Further Information


The organ was installed by RW Walker & Sons in 1872 and is sited across the west wall of the nave, in a polychrome case designed by Gilbert Scott junior and richly decorated by Charles Eamer Kempe. It replaced an earlier Samuel Green organ installed 86 years earlier in 1786, which still survives and can be seen at Croft Castle in north Herefordshire. Details of its original specification in 1872 and how this has been altered between now and then can be found by clicking on the link below.

Moccas Church Information Sheet VIII – RW Walker Organ – Specification Changes to Pedal, Great & Swell Organs 1871 – 2020

Hydraulic Engine

There is some uncertainty about the exact date when organ hydraulic or water engines of this sort were invented but the first working engine was patented by David Joy, the famous steam engineer and inventor of Joy’s Vale gear. This would have been around the mid 1800’s and was apparently in response to his having to pump an organ whilst visiting relatives. His background in steam engine engineering is reflected in the design which remained unaltered in all subsequent engines brought out by other manufacturers. Within a short period other manufacturers came up with their own designs across the world and one of these was the Bailey Patent Water Engine. It is this engine that was installed in this church. W.H. Bailey & Co Ltd. of Salford were advertising themselves as hydraulic engineers by 1879 and presumably the engine was installed around this time.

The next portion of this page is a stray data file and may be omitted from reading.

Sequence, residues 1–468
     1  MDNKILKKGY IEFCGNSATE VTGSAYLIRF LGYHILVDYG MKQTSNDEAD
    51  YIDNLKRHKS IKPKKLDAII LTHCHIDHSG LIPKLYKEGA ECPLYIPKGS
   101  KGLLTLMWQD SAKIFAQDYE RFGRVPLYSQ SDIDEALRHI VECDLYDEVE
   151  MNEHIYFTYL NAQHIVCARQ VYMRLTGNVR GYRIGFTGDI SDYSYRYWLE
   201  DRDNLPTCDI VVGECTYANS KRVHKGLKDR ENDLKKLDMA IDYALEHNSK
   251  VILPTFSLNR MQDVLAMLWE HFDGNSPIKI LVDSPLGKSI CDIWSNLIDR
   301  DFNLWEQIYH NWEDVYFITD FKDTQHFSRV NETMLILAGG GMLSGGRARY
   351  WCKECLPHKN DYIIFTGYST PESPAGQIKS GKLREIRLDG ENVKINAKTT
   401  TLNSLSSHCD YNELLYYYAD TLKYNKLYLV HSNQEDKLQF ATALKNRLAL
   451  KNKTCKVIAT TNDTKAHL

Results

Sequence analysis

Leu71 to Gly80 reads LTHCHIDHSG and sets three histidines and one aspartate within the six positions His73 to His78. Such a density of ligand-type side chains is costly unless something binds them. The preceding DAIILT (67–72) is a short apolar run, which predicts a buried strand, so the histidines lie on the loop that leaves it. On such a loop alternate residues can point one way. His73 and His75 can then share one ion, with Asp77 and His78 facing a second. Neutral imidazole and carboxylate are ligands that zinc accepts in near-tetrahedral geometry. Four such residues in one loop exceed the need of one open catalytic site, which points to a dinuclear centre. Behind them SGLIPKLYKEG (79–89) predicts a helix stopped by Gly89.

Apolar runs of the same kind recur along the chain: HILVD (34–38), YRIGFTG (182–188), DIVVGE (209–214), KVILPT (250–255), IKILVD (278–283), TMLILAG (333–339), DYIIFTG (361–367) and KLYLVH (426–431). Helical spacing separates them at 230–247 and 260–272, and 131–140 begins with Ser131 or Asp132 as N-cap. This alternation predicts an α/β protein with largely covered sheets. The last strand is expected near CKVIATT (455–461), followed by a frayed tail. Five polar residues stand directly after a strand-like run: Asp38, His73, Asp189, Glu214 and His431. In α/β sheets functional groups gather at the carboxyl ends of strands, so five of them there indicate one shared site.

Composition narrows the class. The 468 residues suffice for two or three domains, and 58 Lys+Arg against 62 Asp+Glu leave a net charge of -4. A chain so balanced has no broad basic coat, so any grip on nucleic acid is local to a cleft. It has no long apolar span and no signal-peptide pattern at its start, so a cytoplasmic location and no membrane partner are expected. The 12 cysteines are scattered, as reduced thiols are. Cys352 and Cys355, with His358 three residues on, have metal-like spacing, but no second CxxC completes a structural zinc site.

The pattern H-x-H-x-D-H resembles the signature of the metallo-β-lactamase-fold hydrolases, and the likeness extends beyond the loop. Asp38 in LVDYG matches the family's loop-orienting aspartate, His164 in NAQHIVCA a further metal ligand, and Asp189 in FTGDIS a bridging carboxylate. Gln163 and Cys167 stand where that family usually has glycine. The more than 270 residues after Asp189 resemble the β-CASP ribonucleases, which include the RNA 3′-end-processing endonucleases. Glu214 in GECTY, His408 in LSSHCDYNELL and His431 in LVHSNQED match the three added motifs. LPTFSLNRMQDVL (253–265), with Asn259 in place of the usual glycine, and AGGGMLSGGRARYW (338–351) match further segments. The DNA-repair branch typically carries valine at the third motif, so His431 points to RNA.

The above illustration of their horizontal engine shows how similar in design it is with the engine in our church.

As with many installations the engine at Moccas directly replaced the manual operation of the feeders by the original blowing handle. At some point in the engine’s history it was altered, possibly due to the wear of the original timber lever and linkages. Then, following the connection of the church to the mains electricity, an electric blower was installed to replace it and the engine became redundant. Since then it has lain unused until its restoration and resurrection last year. For more information on its restoration please click on the following link [Restoration].

Church Guide

If you would like to download a copy of our church guide please click on the link below


If you would like to know about the history of our church you might enjoy watching a video of local historian, David Whitehead, giving a talk on the subject.

If so please click on the attached YouTube link to view it.

If you would like to know about the history of suffragette movement in Herefordshire you might enjoy watching a video by local expert, Clare Wichbold, giving a talk on the subject.

If so please click on the attached YouTube link to view it

Father Richard is a great friend of Moccas Church and the parish priest of St Mary’s Church in nearby Hay on Wye. He trained as a professional musician at Trinity College of Music in London, and his talent and skills on the organ have filled our church with beautiful music on many a memorable occasion. Here he tells us a little about the history of organ music in the Christian church, and introduces us to the workings of our wonderful instrument.

Peter Dyke is Assistant Director of Music at Hereford Cathedral. Peter was keen to test the lungs of our newly restored Walker organ and we were delighted to invite him to Moccas in 2021. In this film, he plays J.S Bach, Thomas Tomkins, Pachelbel, Elgar and Charles Villiers Stanford: pieces carefully selected to show off the various tone, colours and range of our wonderful 1872 organ.

Keen organist Lyndon Eatough Smith has been involved in the restoration project from its earliest days. His technical knowledge of our organ and its hydraulic engine is second to none and we are often grateful to him for explaining the wizardry behind this highly complicated instrument!.  In this film, Lyndon literally opens up the organ and takes us on a fascinating and detailed tour of its workings.